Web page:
3. The bank means of payment, which allow the traceability of the payment.
It is usual that during the verification, the Tax Administration requests the means of payment with which a certain good or service received was paid. If the payment is greater than Q30,000.00 and was made through one of the means provided by the banks in the system, it is recommended that (if possible) it be indicated to whom it was issued and what is being paid, for example: “payment of invoice 123 from *** supplier”. This allows the SAT to establish that the payment is made for that reason. If several invoices are included in the payment, it is worth indicating this and, at the time of verification by the SAT, to have an integration of the same at hand. All these means of payment, checks, electronic debit notes, etc., must always remain as backup documents in the client’s accounting, without exception.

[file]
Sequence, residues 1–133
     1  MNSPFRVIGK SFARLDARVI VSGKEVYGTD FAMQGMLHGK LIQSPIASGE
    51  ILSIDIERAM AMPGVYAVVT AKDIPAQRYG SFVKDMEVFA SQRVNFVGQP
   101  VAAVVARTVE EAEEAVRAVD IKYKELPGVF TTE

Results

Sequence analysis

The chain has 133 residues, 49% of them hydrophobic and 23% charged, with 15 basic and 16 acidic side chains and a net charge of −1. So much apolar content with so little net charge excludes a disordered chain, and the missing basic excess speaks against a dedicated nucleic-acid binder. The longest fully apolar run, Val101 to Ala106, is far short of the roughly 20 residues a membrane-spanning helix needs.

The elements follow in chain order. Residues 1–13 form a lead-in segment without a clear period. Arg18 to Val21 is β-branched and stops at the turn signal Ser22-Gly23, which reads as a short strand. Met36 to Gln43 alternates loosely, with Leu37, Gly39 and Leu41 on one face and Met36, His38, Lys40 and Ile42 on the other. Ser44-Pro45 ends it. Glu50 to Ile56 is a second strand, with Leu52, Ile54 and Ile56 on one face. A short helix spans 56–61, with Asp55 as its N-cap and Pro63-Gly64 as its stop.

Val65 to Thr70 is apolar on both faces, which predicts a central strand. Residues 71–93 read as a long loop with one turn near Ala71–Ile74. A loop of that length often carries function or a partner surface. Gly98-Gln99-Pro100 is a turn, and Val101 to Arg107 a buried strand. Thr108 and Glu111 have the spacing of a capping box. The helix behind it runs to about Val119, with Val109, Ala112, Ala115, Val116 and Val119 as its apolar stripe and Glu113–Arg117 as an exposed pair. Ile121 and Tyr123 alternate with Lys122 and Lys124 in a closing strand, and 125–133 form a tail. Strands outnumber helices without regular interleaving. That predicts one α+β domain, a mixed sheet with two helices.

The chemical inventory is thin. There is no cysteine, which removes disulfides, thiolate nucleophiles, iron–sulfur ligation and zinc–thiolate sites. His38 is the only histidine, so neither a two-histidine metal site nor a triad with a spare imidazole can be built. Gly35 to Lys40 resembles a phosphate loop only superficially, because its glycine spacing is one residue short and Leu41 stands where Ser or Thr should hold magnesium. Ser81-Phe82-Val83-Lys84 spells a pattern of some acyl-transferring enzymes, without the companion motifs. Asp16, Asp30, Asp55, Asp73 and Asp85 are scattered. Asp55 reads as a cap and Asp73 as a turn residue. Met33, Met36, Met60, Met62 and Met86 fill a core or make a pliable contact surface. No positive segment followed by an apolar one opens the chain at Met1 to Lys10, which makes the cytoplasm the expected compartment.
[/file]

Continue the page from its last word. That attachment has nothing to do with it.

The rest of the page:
Another important issue that is recommended in case of tax verification is to prove to the SAT the debit of the amounts paid, that is to say, that there was really an outflow from the taxpayer’s bank account to the supplier’s account. For this reason, it is important to have the bank statements in which it is evidenced that the payment made was indeed debited from their accounts, and with this, it is possible to show that the money left their bank account, so it must be presumed that the payment was made.
4. Letters or proof issued by the supplier that the payment was received.
The SAT in many cases has questioned the payment to the supplier, in its opinion, because the client’s accounts only show the debits for the delivery of the funds to the supplier, but it is not possible to establish that the supplier paid the supplier or how he did it.
From this account, it is advisable (to the extent possible) to request the supplier to periodically indicate the payments that have been made, on which invoices and that the supplier has received them, and also to state that the invoices for services rendered or goods sold have been duly paid.